3. No-Calendar Weekends – This is especially difficult in my line of work as a pastor, but I make it happen when I can. NCW’s are weekends where I block out the calendar and don’t put anything new on it. I keep my sleep schedule the same so I don’t blow that rhythm, but everything else is optional. The key on these weekends is to listen to what your body and mind need. I often spend time alone. I’m around people often and my inner-introvert needs a walk in the woods. I will also find myself reading or listening to a book—for fun! I hydrate. In any case, these weekends are about putting a two-day boundary around your body and mind so it can recover.

There are a lot of other things that you can do to use your God-given ability to create boundaries in your life. Three more mindset tricks I use are:

  1. I’m paying for it, so what if I don’t use it? – I often don’t drive my car and yet I still pay for it. I go on vacation away from the house I pay for. I have multiple streaming services and I only use one at a time. So, you better believe I am not above intentionally dropping a kid’s sporting event to take care of my mental health. I think my kids have unlimited potential, but there’s a piece of me that knows I have limited capacity. The latter will be a bigger inhibiter of their happiness in the long-term than pursuing sports every night of the week.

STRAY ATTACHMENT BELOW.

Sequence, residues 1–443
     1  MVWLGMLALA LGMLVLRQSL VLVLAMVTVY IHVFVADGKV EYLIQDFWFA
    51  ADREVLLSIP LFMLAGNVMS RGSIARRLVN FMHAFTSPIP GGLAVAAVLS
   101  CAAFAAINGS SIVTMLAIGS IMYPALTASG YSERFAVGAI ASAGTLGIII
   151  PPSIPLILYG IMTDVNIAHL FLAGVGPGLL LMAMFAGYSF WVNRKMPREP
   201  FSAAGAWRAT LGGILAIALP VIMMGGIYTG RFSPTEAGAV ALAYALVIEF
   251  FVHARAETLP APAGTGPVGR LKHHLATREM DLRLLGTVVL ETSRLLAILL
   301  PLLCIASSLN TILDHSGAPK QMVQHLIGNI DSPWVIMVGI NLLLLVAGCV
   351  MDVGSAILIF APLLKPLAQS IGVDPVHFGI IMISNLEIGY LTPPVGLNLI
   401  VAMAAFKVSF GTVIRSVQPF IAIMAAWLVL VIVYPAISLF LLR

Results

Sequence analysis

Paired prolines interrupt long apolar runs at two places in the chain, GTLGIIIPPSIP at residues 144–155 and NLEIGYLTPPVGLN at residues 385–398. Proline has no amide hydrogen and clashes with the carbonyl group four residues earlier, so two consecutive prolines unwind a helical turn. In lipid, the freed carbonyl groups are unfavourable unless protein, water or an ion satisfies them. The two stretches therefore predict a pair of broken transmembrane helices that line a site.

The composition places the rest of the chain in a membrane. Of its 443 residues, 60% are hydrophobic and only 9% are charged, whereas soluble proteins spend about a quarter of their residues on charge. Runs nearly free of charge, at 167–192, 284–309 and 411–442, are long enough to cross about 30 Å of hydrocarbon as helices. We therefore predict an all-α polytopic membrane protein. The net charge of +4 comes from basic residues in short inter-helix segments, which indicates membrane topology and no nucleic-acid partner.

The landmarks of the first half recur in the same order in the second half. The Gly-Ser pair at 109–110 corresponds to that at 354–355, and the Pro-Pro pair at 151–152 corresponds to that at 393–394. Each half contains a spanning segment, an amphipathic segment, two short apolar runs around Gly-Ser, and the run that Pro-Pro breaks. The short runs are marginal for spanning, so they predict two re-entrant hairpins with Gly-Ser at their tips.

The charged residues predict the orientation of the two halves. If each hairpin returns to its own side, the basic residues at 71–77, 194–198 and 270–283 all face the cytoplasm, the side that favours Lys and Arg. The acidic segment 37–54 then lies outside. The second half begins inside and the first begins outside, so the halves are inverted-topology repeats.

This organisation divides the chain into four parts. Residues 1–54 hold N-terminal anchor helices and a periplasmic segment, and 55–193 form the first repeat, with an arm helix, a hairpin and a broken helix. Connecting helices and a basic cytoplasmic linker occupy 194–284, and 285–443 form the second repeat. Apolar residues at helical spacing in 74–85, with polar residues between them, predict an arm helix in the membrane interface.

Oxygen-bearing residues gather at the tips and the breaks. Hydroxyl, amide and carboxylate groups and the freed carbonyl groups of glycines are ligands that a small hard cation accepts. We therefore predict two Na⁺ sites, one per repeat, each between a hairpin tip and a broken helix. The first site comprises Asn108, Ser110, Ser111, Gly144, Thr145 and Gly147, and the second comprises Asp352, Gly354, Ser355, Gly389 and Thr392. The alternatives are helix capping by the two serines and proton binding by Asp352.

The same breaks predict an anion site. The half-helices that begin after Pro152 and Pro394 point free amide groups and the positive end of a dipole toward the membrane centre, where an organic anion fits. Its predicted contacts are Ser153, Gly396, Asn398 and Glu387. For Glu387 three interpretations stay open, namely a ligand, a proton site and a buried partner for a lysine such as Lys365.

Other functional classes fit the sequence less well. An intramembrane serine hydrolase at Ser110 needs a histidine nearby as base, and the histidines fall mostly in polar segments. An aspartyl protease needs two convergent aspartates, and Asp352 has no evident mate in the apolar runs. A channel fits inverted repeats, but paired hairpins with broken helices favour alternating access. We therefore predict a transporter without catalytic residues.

2. Quality over Quantity – There are companies all over the world that only have a four-hour work week. The pay is the same. What they find is that with less time for the work, the workers automatically prioritize work better. Due to my childcare situation (my mother and father-in-law provide it) I have had to scrunch five days of office work into four for the last nine years. I know for a fact that I get more done than most people and it isn’t because there is something special about me. It is because I am relentlessly efficient so that I can be present for my kids on what we call Man-Day-Friday.
  3. More in a year than a day – We often overestimate what we can do in a day and we underestimate what can be done in a year. Read that again. We often think that if we work crazy hours until we hit the wall that we are going to be more productive over the long-haul. False. What actually happens is that you burn out, get sick, and are less happy—all of which make you less productive over time. If you give 40 good hours to an entire year, you’re going to accomplish a ton of work.

I hope that you see the way that how you spend your time is deeply spiritual; that it gets right to the core of how we were created. You need rest and nowadays you have to partner with God to co-create the world around you so that you get it.

What have you tried that helps you get rest?


Jason Kramme serves as the Pastor of Spiritual Formation and Stewardship at Prince of Peace Lutheran Church